The Writing Cure: Psychoanalysis, Composition, and the Aims of Education

The Writing Cure: Psychoanalysis, Composition, and the Aims of Education

The Writing Cure: Psychoanalysis, Composition, and the Aims of Education

The Writing Cure: Psychoanalysis, Composition, and the Aims of Education

Synopsis

Psychoanalysis and writing instruction have much to offer each other, asserts Mark Bracher. In this book, Bracher examines the intersection between these two fields and proposes pedagogical uses of psychoanalytic technique for writing instruction.

Psychoanalysis reveals that the writing process is profoundly affected by factors that current theories have largely neglected -- forces such as enjoyment, desire, fantasy, and anxiety, which, moreover, are often unconscious. Articulating an approach based on the work of Jacques Lacan, Bracher shows how a psychoanalytic perspective can offer useful insights into the nature of the writing process, the sources of writing problems, and the dynamics of writing instruction. He further demonstrates that writing instruction constitutes the most favorable venue outside of individual psychoanalytic treatment for pursuing psychoanalytic research and practice. Like psychoanalytic treatment proper, writing instruction can function as a way of reducing psychological conflict,and as a means of pursuing psychoanalytic research into the workings of the mind. Empirical studies and personal testimonies have demonstrated the psychological (and even the physical) benefits of writing about personal conflict in an academic setting; such benefits promise to be enhanced and consolidated through the application of psychoanalytic principles to the teaching of writing.

Excerpt

The basic argument of this book is that psychoanalysis and writing have much to offer each other, and that anyone interested in either of these fields or in the educational, personal, or social benefits that either practice can provide will benefit from exploring the intersection between the two. The primary audience of this book thus includes writing teachers, psychoanalytic practitioners (critics, teachers, and clinicians), social-activist cultural workers, and educators in general.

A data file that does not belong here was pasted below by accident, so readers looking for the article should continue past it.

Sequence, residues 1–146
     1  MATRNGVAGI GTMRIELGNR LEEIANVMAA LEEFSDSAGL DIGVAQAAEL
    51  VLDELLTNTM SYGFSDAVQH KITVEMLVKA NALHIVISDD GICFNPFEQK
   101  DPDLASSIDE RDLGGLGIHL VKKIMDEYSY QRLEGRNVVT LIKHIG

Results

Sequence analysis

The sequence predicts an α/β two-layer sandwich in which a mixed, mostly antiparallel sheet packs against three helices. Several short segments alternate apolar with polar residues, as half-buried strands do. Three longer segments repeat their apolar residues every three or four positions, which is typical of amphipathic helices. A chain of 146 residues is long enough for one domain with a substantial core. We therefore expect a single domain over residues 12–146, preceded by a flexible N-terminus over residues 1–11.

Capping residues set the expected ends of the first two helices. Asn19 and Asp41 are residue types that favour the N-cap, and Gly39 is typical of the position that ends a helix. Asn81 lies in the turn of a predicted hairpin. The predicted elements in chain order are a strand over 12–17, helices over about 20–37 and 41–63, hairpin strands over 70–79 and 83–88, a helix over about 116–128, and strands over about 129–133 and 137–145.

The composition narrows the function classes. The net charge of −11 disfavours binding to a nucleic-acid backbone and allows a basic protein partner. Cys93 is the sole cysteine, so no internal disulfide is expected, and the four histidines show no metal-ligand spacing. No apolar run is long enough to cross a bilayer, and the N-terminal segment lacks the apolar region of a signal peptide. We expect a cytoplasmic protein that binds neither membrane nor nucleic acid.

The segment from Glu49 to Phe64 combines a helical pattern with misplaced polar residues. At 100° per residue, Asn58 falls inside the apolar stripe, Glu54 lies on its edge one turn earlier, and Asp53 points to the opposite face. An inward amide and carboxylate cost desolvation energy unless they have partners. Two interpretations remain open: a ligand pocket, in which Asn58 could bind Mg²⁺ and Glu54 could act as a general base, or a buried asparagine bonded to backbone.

To writing teachers my argument is that a psychoanalytic perspective can offer unique and valuable insights into (a) central but often hidden forces operating in the writing process, (b) the sources of writing problems, and (c) the dynamics of writing instruction. Psychoanalysis reveals first of all that the writing process is profoundly affected by factors that current theories have largely neglected--forces such as enjoyment, desire, fantasy, and anxiety, which, moreover, are often unconscious. It further reveals that conflicts between these forces and the ego and its defenses are at the root of many writing problems. And finally, it offers strategies that writing teachers can make use of to help students reduce their psychological conflicts and hence improve their writing while also benefiting personally.

To psychoanalytically oriented critics, teachers, and clinicians--that is, to those whose primary agenda is to employ psychoanalytic principles as tools for exploring and for altering human subjectivity--my argument is that writing instruction constitutes what is perhaps the most favorable venue outside of individual psychoanalytic treatment for pursuing psychoanalytic research and practice. All the basic elements that constitute psychoanalysis as a unique mode of treatment are potentially (and often actually) present . . .

Search by... Author
Show... All Results Primary Sources Peer-reviewed

Oops!

An unknown error has occurred. Please click the button below to reload the page. If the problem persists, please try again in a little while.